Personalized Care for Your Eyes
Think of your eye exam as a physical exam but for your eyes. It’s specially designed to identify not just a shift in your prescription but any eye diseases or conditions that could affect your vision and your broader health.
Our comprehensive exams include a discussion of any new eye symptoms, including dry eyes or discomfort while using a computer, along with an assessment of your current prescription. Request an appointment with us today, and our friendly staff will do everything we can to leave you feeling confident and comfortable with your visual health.
How Often Should I Get an Eye Exam?
You don’t need to wait for a vision change to book your appointment. In fact, the Canadian Association of Optometrists recommends healthy adults undergo an eye exam at least every 2 years. And after age 64, be sure to book an annual eye exam.
With their growing eyes, children need to follow a different eye exam schedule. Read more about our thorough children’s eye exams.
What to Expect During Your Eye Exam
Your comfort and health are our top priorities. So when you come in for an eye exam, we’ll be friendly, detail-oriented, and ready to answer all of your questions.
While everyone’s health care is unique, your eye exam may include:
- An interview to get to know you, your medical and visual history, and your particular visual needs, including the type of work you do and the things you do recreationally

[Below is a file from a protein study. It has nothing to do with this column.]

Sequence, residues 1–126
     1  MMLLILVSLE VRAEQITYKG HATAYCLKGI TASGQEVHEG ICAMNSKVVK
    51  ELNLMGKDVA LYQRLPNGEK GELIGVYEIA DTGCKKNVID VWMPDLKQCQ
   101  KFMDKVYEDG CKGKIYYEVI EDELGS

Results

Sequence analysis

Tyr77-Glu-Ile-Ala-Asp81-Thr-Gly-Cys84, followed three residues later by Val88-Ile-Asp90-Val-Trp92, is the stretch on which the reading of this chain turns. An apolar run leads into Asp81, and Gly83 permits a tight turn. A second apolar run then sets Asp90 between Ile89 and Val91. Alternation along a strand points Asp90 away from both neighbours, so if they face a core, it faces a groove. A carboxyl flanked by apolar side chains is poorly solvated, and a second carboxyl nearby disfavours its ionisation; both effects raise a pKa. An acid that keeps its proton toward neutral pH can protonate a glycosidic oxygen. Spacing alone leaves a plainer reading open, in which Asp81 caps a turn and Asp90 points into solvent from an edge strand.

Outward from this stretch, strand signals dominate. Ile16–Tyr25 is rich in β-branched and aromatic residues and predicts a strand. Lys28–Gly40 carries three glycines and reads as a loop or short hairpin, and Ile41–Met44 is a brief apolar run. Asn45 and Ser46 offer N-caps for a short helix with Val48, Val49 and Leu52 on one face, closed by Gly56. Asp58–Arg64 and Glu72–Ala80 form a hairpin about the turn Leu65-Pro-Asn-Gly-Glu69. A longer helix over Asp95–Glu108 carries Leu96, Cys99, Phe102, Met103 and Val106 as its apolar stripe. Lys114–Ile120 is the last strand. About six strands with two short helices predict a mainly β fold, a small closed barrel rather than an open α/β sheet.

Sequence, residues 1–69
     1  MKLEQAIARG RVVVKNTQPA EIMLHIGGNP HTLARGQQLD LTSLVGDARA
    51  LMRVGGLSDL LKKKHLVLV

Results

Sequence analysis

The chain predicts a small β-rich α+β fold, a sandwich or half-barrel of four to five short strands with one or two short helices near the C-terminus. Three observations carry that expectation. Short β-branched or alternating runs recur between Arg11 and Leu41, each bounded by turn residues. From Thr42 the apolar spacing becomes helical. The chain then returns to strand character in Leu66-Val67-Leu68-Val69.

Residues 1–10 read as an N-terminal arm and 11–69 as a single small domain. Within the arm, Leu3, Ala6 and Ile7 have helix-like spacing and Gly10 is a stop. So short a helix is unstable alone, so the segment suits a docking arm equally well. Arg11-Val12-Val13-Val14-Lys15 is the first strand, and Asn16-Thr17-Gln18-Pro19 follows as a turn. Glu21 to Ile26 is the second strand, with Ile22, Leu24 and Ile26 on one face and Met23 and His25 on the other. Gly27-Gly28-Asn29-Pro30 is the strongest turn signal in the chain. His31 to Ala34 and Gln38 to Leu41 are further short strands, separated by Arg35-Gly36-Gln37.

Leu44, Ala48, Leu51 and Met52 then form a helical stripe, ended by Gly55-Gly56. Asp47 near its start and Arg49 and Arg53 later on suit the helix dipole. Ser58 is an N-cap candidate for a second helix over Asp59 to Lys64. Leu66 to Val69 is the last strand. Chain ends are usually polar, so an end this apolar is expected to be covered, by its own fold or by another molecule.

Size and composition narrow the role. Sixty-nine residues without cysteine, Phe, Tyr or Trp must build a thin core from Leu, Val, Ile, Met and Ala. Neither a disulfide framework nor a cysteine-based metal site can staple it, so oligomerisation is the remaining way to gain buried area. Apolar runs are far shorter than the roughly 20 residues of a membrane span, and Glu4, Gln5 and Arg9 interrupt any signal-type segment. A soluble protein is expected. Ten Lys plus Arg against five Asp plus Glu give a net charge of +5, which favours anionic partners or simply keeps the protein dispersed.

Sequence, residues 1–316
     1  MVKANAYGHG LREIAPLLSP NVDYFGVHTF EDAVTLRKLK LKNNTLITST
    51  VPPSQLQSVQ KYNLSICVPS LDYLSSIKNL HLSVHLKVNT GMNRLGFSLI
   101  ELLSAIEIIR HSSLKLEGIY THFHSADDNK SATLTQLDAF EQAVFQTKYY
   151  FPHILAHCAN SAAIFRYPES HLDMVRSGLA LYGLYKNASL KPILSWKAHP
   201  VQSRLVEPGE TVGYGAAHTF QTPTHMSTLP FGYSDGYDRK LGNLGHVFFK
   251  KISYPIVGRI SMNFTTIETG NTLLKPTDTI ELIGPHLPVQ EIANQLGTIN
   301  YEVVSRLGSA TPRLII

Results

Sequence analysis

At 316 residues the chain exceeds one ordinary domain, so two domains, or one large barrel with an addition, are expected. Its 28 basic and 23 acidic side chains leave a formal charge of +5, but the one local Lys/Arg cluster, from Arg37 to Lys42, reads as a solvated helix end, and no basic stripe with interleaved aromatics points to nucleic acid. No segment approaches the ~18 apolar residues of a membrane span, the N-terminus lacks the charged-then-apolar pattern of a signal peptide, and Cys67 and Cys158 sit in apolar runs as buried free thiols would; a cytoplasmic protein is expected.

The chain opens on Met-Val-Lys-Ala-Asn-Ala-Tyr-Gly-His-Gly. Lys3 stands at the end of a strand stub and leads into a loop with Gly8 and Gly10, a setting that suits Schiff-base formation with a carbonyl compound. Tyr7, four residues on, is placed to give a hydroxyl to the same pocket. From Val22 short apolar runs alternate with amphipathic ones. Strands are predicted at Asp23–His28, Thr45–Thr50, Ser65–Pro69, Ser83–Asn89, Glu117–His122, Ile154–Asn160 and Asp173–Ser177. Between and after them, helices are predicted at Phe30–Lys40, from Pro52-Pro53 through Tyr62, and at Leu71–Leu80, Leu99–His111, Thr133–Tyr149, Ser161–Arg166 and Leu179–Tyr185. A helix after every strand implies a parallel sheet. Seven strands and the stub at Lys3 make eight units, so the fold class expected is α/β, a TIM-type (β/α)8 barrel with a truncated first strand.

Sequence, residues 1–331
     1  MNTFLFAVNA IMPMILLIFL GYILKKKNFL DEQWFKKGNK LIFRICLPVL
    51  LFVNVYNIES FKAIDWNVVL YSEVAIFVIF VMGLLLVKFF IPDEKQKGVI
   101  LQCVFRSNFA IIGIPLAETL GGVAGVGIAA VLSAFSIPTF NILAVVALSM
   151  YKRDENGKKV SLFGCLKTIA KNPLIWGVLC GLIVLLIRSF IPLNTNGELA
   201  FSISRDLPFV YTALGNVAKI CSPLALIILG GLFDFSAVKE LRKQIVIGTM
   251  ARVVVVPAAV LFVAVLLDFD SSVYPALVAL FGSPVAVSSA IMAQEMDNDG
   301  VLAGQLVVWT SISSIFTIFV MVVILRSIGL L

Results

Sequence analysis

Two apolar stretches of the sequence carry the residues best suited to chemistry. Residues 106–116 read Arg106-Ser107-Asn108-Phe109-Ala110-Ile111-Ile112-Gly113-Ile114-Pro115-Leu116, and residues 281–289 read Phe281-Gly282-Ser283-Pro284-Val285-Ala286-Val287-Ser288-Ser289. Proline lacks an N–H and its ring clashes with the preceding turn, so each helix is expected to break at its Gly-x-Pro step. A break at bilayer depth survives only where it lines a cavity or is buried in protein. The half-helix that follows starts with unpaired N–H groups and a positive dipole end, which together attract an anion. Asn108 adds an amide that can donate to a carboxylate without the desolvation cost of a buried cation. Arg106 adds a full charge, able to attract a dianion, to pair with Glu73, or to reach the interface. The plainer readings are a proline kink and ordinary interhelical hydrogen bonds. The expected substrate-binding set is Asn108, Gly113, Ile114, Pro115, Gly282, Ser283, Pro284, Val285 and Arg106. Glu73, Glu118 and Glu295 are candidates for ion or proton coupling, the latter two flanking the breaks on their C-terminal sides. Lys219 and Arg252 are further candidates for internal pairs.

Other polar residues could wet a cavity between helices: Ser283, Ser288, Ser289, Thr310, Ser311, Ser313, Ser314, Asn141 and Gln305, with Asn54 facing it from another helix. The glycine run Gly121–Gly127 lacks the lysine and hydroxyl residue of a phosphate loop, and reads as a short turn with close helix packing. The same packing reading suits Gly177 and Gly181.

- A measurement of your visual acuity, which is the sharpness of your vision
- A measurement in any change in your prescription
- An assessment of any dry eye symptoms
- Non-invasive pictures of the internal structures of your eyes. This is a chance for us to detect eye diseases before you even notice symptoms
Finally, we’ll share personalized recommendations for your ongoing eye care.
Presbyopia in Your 40s
Even if you’ve never worn glasses or contacts before, your vision needs will change as your eyes age. Presbyopia is a common and normal condition that typically begins to show symptoms for people in their early to mid-40s. It’s caused by natural changes in the lens of your eye.
Often the first signs of presbyopia include trouble seeing small print or reading in dim light. Later, people may experience difficulty reading at arm’s length or eye fatigue when reading close up. Presbyopia can be corrected with the right prescription.
We can determine whether you have presbyopia during your regular eye exam. We’ll also help you find the right prescription for work—which may be different from your everyday glasses or contacts—to avoid the headaches of digital eye strain.